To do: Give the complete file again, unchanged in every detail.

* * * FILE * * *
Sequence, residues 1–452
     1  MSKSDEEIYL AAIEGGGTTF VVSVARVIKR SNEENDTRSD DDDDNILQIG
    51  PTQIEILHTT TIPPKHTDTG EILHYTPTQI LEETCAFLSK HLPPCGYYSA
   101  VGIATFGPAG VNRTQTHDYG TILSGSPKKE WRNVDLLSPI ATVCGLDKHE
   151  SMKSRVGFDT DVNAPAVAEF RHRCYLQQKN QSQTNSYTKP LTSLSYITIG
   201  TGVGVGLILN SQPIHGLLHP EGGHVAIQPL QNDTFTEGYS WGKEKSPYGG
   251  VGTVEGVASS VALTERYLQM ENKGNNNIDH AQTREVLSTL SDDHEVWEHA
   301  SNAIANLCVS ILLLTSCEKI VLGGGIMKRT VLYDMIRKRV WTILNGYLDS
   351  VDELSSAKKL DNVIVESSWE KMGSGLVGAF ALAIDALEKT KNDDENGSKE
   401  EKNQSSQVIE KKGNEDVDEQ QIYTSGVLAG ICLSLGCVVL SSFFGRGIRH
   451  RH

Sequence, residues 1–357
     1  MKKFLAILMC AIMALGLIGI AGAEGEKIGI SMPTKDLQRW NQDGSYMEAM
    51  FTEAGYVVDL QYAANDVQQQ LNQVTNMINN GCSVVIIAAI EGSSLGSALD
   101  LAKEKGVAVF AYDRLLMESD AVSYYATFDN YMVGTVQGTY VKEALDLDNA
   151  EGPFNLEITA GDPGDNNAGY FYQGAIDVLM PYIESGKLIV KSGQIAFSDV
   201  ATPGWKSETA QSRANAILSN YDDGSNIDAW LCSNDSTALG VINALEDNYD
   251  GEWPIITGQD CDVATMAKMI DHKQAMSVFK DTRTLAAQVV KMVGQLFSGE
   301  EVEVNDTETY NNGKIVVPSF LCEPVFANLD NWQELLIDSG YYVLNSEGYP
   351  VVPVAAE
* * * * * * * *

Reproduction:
Sequence, residues 1–452
     1  MSKSDEEIYL AAIEGGGTTF VVSVARVIKR SNEENDTRSD DDDDNILQIG
    51  PTQIEILHTT TIPPKHTDTG EILHYTPTQI LEETCAFLSK HLPPCGYYSA
   101  VGIATFGPAG VNRTQTHDYG TILSGSPKKE WRNVDLLSPI ATVCGLDKHE
   151  SMKSRVGFDT DVNAPAVAEF RHRCYLQQKN QSQTNSYTKP LTSLSYITIG
   201  TGVGVGLILN SQPIHGLLHP EGGHVAIQPL QNDTFTEGYS WGKEKSPYGG
   251  VGTVEGVASS VALTERYLQM ENKGNNNIDH AQTREVLSTL SDDHEVWEHA
   301  SNAIANLCVS ILLLTSCEKI VLGGGIMKRT VLYDMIRKRV WTILNGYLDS
   351  VDELSSAKKL DNVIVESSWE KMGSGLVGAF ALAIDALEKT KNDDENGSKE
   401  EKNQSSQVIE KKGNEDVDEQ QIYTSGVLAG ICLSLGCVVL SSFFGRGIRH
   451  RH

Sequence, residues 1–357
     1  MKKFLAILMC AIMALGLIGI AGAEGEKIGI SMPTKDLQRW NQDGSYMEAM
    51  FTEAGYVVDL QYAANDVQQQ LNQVTNMINN GCSVVIIAAI EGSSLGSALD
   101  LAKEKGVAVF AYDRLLMESD AVSYYATFDN YMVGTVQGTY VKEALDLDNA
   151  EGPFNLEITA GDPGDNNAGY FYQGAIDVLM PYIESGKLIV KSGQIAFSDV
   201  ATPGWKSETA QSRANAILSN YDDGSNIDAW LCSNDSTALG VINALEDNYD
   251  GEWPIITGQD CDVATMAKMI DHKQAMSVFK DTRTLAAQVV KMVGQLFSGE
   301  EVEVNDTETY NNGKIVVPSF LCEPVFANLD NWQELLIDSG YYVLNSEGYP
   351  VVPVAAE